The Twenty-One Rule. [Newspaper Article] — Huon Times — 7 May 1910
The Twenty-One Rule. . Old Jacob Weatherly- is a man of extreme regularity, and on the princi ple that 'Early to bed,' etc., is the jest guiding rule for a household, he insists that everyone under his roof ind authority shall retire at 9.30. As may be readily understood, this rule sometimes proved irksome to the younger members of the family, es pecially Charles. Recently, however, Charles reached man's estate, and on his birthday Jacob gave him his blessing. 'I have no longer any authority over you,' he said; 'now that you are twenty-one you must act as pleases you best.' ~ On the following Saturday evening, therefore, Charles returned home at 11.15 p.m. and rapped at the door. 'Who's that?' said Jacob, from the window^ 'Charles,' replied his son. 'But why do you come home at this hour? Don't you know we lotik up at 9.30?' 'Yes,' remonstrated the youth; 'but I'm gone twenty-one now and can do as I please.' 'Quite so,' said the old man; 'but so can I.' And the window went down with...
PORT CYGNET SHOW. Magnificent Display of Fruit. [Newspaper Article] — Huon Times — 7 May 1910
POET CYGNET SHOW. Magnificent Display of Fruit. The Autumn Show of the Port Cygnet Agricultural and Pas toral Society was held in Lucas' Hall, Lovett, on Wednesday. The^ show of exhibits, particularly in° the fruit section,' was of a high standard of excellence. The dis play was comprehensive, em bracing a wonderful assortment of old and modern varieties, all of which were splendidly grown and well colored. Indeed, it was generally conceded that it was the finest lot of fruit ever exhibited at the society's show, and served as a good index to the prolific crop yielded from the orchards in Lovett, as in other parts of the Huon, this season. Not only;was it an exceptional display for this Society, but it is safe to assert that seldom, if ever, has it been excelled in any other part vof the State. It was no matter for wonder, then, that regret was expressed by many at the fact that greater effort is not made to use such, exhibitions, of which several are held in different parts of the ...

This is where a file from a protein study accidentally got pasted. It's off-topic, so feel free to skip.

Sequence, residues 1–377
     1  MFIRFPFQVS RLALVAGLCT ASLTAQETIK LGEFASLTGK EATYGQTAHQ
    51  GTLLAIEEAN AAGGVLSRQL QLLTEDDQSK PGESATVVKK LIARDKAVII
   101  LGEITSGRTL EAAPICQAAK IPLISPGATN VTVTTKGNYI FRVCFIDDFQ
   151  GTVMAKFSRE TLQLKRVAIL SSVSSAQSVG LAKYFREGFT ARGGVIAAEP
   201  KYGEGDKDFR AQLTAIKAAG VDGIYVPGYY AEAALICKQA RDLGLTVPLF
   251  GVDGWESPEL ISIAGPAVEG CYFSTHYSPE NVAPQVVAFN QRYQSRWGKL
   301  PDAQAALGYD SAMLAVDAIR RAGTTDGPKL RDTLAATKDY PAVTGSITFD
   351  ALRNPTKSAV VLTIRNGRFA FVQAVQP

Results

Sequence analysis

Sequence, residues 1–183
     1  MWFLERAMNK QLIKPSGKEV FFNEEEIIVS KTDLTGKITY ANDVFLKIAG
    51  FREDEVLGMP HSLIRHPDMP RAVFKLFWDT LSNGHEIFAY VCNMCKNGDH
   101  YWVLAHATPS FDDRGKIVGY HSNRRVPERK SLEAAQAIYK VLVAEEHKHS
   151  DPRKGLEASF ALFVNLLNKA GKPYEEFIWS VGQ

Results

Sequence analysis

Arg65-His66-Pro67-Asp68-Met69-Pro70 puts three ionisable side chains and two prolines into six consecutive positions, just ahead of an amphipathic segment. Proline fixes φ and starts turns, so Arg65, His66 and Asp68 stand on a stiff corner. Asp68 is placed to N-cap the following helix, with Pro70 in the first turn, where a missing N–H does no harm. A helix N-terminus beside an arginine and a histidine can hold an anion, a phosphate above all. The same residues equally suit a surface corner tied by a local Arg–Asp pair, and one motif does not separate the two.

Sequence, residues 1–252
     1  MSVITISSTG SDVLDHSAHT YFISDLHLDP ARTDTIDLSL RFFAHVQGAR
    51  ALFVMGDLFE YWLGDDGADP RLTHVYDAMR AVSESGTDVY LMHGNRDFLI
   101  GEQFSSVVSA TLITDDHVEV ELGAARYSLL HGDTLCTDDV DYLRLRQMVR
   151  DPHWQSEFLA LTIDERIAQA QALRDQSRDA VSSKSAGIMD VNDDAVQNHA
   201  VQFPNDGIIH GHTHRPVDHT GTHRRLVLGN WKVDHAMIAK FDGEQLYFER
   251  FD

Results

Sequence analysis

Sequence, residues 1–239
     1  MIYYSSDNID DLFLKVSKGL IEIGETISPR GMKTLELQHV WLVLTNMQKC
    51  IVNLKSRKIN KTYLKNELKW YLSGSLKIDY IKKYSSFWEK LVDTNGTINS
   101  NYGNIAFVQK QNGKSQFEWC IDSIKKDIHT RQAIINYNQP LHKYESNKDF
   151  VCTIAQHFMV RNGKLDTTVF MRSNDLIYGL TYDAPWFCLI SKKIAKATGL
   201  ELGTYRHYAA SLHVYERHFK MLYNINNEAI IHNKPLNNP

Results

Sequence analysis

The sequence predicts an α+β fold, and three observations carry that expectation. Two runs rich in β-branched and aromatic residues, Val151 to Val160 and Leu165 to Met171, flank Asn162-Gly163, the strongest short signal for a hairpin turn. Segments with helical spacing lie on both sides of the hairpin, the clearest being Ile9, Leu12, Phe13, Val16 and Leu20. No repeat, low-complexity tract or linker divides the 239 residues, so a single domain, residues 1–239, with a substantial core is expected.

TUNNEL COLLAPSES. FOUR MEN INJURED. TWO STILL IMPRISONED. [Newspaper Article] — Huon Times — 7 May 1910
TUNNEL COLLAPSES. FOUR MEN INJURED. TWO STILL IMPRISONED. News has been received from Otira of the collapse of part of Arthur's Pass tunnel, which is now in course of construction ?through the Southern Alps. The subsidence occurred about -three chains from the tunnel s mouth. Several men working, at the tunnel face were entombed. A relief party immediately went in, but had not proceeded far before another fall took place, entomb ing them. Five men were caught by the timber. The latest information is that four entombed men have been rescued uninjured, and four brought out with damaged limbs. There are still two in the debris. Kiech, Shaw, Nahoney and Bray are the injured men. The rescuers can hear Doyle and Duggan, the .two entombed men, tapping on the water pipe. They hope to reach them by morning. Beemer was found pinned down by timber, but great difficulty was experienced in ex tricating him.